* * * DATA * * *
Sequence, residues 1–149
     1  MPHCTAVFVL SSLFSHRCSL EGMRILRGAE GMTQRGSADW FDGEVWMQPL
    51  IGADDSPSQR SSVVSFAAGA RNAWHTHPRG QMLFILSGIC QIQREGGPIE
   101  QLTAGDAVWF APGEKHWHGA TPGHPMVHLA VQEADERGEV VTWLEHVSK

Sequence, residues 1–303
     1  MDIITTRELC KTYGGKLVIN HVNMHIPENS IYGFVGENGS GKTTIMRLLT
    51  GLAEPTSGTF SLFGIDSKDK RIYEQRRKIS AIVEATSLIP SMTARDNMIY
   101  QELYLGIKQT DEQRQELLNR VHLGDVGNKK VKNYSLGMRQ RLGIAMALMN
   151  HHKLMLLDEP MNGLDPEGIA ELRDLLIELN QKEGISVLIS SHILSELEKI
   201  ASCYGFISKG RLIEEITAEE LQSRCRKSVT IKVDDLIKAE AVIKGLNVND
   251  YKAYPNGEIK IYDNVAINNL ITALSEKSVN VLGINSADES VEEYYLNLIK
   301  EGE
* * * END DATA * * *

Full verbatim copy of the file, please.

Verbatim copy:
Sequence, residues 1–149
     1  MPHCTAVFVL SSLFSHRCSL EGMRILRGAE GMTQRGSADW FDGEVWMQPL
    51  IGADDSPSQR SSVVSFAAGA RNAWHTHPRG QMLFILSGIC QIQREGGPIE
   101  QLTAGDAVWF APGEKHWHGA TPGHPMVHLA VQEADERGEV VTWLEHVSK

Sequence, residues 1–303
     1  MDIITTRELC KTYGGKLVIN HVNMHIPENS IYGFVGENGS GKTTIMRLLT
    51  GLAEPTSGTF SLFGIDSKDK RIYEQRRKIS AIVEATSLIP SMTARDNMIY
   101  QELYLGIKQT DEQRQELLNR VHLGDVGNKK VKNYSLGMRQ RLGIAMALMN
   151  HHKLMLLDEP MNGLDPEGIA ELRDLLIELN QKEGISVLIS SHILSELEKI
   201  ASCYGFISKG RLIEEITAEE LQSRCRKSVT IKVDDLIKAE AVIKGLNVND
   251  YKAYPNGEIK IYDNVAINNL ITALSEKSVN VLGINSADES VEEYYLNLIK
   301  EGE